The elf laughed, it was a soothing, melodic sound. “Tia is one of the elves for the Gryffindor girls. Elves learns a lot about the students when we does the laundry and visits the tower. Tia knows that you like Quidditch and yous been to Egypt recently.”
Ginny’s eyes widened. “That’s true! I guess you would learn a lot about us.”
“Don’t worry, Miss,” Tia said gently. “Elves is never to talk about the students we takes care of.” She winked at the young girl. “Tia will not tell anyone about the picture of Harry Potter next to your bed.”
A much calmer Ginny snuck up to Gryffindor tower sometime later leaving behind a pensive elf. Tia knew, as all of the Gryffindor elves did, about Hermione’s Time-Turner. She wondered if Miss Hermione was becoming short-tempered because of her work load. Miss Ginny was a sweet young witch who had been through a horrid ordeal the year before, Tia wasn’t going to let Miss Hermione upset her unnecessarily.
After a night full of dreams of Hermione coming after her for ruining her blouse and Ginny having to become a house-elf to repay all of the damage she caused, Ginny was so happy to be able to get up. She sleepily went through her morning routine and hurried down to the laundry room very early to set Hermione’s blouse to wash. To her relief, by the time it came out of the wash the stain was completely gone. She set the blouse to dry and glanced at her watch. Her heart dropped, it was just past eight o’clock, and she was not going to make it to breakfast. She glanced at the drying blouse and hoped that it would finish drying before her first class.
Ginny jumped, she’d been so engrossed in her own thoughts she hadn’t heard Tia approach. “Good morning, Tia. I didn’t see you.”
“Good morning, Miss.” Tia looked over at the blouse. “Miss Ginny, Tia will send the blouse up to Gryffindor tower when it is dry. You don’t need to skip breakfast and you don’t want to miss your first class, right?”
Ginny looked between the elf and the blouse, she was torn as to what she should do. “I’m afraid I’ll have to stay, Tia. The agreement says that I’m not to enlist any help in the actual washing, drying, and returning of the laundry. If I mess up my family will have to pay Hermione’s family and they really can’t afford to do that. I’ll be okay.”
Tia frowned at Ginny’s response, but didn’t say anything. She certainly didn’t want to cause Miss Ginny more worry. Hurrying out of the laundry room she utilized the house-elf passageways to the kitchen. Several minutes later she re-entered the laundry room.
“Here Miss Ginny, please sit and eat,” Tia entreated. She offered Ginny a basket full of breakfast items.
“Thank you, Tia,” Ginny said gratefully as she pulled a plate of eggs and bacon out of the basket. She hadn’t been looking forward to skipping breakfast. While Hermione’s blouse dried, Ginny ate her breakfast and waited with a rather growing impatience for the blouse to be done.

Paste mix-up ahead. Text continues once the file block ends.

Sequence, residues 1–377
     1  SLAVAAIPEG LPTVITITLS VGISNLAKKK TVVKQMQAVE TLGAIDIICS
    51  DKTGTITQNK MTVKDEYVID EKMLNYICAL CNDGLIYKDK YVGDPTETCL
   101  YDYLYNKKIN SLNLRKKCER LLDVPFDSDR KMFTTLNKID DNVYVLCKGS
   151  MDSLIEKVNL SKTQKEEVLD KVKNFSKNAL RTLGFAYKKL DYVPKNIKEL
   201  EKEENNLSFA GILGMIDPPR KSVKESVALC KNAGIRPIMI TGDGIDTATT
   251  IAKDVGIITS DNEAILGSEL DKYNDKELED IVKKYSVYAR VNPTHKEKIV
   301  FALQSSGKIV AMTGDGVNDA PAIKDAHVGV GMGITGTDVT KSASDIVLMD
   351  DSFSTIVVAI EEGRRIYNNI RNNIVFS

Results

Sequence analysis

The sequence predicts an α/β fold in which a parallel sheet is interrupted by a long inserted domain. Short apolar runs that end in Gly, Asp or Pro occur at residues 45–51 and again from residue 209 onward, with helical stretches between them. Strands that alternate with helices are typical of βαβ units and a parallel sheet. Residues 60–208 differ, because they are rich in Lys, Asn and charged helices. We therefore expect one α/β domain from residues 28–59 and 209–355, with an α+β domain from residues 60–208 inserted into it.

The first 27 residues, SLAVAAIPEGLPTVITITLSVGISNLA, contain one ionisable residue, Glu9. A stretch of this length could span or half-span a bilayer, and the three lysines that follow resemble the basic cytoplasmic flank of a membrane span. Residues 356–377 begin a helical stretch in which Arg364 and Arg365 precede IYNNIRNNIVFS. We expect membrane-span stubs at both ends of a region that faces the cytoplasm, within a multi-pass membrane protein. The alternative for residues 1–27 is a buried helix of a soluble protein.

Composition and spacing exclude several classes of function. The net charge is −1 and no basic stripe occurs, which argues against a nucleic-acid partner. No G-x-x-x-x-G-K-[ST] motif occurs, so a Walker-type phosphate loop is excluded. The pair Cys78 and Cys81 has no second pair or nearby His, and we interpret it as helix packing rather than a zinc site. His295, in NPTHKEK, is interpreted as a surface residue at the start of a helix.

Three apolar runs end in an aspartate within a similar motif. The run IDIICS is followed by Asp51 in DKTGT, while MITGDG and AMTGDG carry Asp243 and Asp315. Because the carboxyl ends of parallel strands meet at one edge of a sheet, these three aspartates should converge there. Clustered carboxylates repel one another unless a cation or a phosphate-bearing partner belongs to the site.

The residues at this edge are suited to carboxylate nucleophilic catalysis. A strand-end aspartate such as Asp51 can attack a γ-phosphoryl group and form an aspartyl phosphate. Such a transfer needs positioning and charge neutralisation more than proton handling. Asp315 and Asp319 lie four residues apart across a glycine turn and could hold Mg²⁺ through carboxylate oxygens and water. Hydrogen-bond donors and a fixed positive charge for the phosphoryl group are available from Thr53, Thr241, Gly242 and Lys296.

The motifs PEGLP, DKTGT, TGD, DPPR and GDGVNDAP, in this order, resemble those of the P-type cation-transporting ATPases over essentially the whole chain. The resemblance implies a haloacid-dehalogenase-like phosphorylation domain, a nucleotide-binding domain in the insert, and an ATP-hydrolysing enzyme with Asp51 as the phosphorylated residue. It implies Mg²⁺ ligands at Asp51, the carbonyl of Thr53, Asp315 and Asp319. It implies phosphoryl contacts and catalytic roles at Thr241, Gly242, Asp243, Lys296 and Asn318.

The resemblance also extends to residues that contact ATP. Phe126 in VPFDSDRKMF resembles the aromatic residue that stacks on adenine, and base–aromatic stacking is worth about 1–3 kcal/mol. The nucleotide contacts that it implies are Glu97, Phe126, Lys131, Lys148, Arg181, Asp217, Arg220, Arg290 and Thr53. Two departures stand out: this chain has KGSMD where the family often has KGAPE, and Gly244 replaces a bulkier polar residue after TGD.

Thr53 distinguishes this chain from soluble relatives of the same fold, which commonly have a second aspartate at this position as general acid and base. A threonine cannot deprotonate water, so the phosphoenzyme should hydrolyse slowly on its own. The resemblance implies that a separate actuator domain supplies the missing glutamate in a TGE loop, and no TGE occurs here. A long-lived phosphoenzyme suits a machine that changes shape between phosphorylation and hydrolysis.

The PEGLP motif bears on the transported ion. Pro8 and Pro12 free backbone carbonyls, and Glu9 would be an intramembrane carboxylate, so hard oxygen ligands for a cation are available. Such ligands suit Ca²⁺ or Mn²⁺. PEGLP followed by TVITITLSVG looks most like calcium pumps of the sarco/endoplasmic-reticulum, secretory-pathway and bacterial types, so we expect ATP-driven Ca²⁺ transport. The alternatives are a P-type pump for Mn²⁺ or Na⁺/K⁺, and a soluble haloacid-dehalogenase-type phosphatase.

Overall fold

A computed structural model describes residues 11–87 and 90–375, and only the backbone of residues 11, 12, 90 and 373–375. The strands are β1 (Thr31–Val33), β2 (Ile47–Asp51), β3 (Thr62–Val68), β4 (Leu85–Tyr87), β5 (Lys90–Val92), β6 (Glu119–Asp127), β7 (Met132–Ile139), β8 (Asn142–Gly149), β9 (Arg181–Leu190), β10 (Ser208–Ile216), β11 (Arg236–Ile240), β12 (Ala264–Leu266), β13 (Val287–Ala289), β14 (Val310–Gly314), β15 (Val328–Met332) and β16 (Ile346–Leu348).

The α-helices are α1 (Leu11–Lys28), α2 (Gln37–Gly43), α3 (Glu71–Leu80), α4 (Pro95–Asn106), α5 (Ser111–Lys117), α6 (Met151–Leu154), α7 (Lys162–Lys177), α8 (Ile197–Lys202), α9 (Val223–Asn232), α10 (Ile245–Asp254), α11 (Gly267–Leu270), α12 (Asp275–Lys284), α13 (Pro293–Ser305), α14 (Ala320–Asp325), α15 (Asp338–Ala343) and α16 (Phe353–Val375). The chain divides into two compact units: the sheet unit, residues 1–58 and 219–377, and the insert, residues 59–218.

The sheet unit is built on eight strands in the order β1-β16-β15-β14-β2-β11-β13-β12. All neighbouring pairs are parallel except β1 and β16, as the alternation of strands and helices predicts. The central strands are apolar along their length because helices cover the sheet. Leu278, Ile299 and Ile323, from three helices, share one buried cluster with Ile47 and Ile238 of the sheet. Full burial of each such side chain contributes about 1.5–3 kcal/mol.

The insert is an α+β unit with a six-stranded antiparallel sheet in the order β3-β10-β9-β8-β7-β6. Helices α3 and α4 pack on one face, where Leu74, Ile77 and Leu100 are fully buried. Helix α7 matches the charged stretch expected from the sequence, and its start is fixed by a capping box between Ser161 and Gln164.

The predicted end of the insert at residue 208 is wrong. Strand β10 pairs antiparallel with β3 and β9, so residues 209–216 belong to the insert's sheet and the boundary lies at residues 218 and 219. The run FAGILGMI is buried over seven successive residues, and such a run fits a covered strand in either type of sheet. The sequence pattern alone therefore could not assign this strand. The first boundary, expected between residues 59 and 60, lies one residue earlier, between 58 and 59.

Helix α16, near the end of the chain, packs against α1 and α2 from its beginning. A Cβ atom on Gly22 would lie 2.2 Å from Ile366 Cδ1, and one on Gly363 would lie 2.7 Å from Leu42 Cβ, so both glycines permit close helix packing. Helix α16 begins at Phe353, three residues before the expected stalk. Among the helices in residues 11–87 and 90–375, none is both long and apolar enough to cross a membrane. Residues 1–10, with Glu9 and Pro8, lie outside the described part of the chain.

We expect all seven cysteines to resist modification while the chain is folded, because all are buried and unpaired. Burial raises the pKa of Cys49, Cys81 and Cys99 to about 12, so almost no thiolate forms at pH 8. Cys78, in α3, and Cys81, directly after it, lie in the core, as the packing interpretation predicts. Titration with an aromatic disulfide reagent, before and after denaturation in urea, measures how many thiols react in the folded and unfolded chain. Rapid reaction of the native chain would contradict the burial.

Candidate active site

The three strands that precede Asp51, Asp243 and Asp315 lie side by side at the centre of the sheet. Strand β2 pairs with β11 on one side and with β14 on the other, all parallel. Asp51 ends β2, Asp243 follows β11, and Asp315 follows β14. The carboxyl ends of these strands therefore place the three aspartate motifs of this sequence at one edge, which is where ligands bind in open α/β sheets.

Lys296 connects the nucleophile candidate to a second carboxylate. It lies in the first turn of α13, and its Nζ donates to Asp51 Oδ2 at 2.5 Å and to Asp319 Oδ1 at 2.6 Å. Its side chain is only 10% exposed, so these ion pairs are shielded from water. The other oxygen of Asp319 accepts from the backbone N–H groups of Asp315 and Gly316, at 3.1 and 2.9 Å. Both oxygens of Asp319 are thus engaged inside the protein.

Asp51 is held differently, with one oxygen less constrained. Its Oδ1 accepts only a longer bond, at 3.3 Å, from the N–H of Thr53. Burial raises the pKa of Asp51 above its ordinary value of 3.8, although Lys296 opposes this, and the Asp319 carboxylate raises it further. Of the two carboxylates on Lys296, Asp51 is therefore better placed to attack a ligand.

Finally it was dry. Ginny carefully folded it and wrapped it carefully in tissue paper to carry it upstairs. Nothing could happen to the blouse on the way upstairs. She smiled at Tia. “Thank you very much, Tia. I really appreciate you bringing me breakfast and caring what happened to me.”
“You are welcome, Miss Ginny.”
Ginny hurried up to Gryffindor tower. She was honestly a little short of breath by the time she’d run up all of the staircases. She ran through the common room and knocked on the door of Hermione’s dorm room. When there was no answer, she cautiously entered, secretly glad she’d avoided Hermione. Hopefully the next time she saw Hermione, the older witch would be in a better mood. Carefully setting the wrapped blouse in the middle of Hermione’s bed, Ginny hurried into her own room to grab her bag.
Her heart sank when she caught sight of the time. It was after nine and she was late to her first class — which today was Potions. For a split second she contemplated going to the hospital wing, but in the end she hurried back down the stairs to the dungeon.
“Miss Weasley, class began twenty minutes ago,” Professor Snape observed silkily from his place in the front of the room.
“Yes, sir,” Ginny said softly. “I’m sorry, sir.”
“I don’t care to listen to any manufactured excuses,” Professor Snape interrupted. “I’ve heard enough from your abominable brothers. In an effort to teach you to be on time in the future that will be twenty points from Gryffindor — no, let’s make it an even thirty points. Twenty points for each minute you were late and another ten for your lateness itself.”
Ginny’s heart sank and she could feel her cheeks darkening as she shakily took her place.
“Good going, Weasley,” Rowena hissed. “You’ve lost us a ton of points. Don’t expect us to help you. I know you left the dorm early this morning, what were you doing?”